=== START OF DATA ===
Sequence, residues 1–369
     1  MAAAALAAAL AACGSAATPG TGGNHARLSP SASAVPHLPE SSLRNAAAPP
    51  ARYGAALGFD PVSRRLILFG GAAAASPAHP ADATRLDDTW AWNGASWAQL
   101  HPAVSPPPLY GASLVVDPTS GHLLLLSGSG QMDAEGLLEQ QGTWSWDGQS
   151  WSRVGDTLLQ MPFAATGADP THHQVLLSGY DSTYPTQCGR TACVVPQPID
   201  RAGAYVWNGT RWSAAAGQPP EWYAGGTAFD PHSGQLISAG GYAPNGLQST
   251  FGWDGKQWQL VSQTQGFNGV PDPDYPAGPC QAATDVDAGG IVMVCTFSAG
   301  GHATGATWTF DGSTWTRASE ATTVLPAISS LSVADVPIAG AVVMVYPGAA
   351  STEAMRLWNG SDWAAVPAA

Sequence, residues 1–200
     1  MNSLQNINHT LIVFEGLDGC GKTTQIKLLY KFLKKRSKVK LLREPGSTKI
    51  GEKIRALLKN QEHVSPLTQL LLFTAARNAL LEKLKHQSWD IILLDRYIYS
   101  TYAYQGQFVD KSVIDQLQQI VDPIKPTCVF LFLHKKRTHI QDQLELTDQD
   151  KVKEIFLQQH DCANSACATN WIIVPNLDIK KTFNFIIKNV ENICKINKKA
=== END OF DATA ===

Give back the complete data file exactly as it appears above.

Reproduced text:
Sequence, residues 1–369
     1  MAAAALAAAL AACGSAATPG TGGNHARLSP SASAVPHLPE SSLRNAAAPP
    51  ARYGAALGFD PVSRRLILFG GAAAASPAHP ADATRLDDTW AWNGASWAQL
   101  HPAVSPPPLY GASLVVDPTS GHLLLLSGSG QMDAEGLLEQ QGTWSWDGQS
   151  WSRVGDTLLQ MPFAATGADP THHQVLLSGY DSTYPTQCGR TACVVPQPID
   201  RAGAYVWNGT RWSAAAGQPP EWYAGGTAFD PHSGQLISAG GYAPNGLQST
   251  FGWDGKQWQL VSQTQGFNGV PDPDYPAGPC QAATDVDAGG IVMVCTFSAG
   301  GHATGATWTF DGSTWTRASE ATTVLPAISS LSVADVPIAG AVVMVYPGAA
   351  STEAMRLWNG SDWAAVPAA

Sequence, residues 1–200
     1  MNSLQNINHT LIVFEGLDGC GKTTQIKLLY KFLKKRSKVK LLREPGSTKI
    51  GEKIRALLKN QEHVSPLTQL LLFTAARNAL LEKLKHQSWD IILLDRYIYS
   101  TYAYQGQFVD KSVIDQLQQI VDPIKPTCVF LFLHKKRTHI QDQLELTDQD
   151  KVKEIFLQQH DCANSACATN WIIVPNLDIK KTFNFIIKNV ENICKINKKA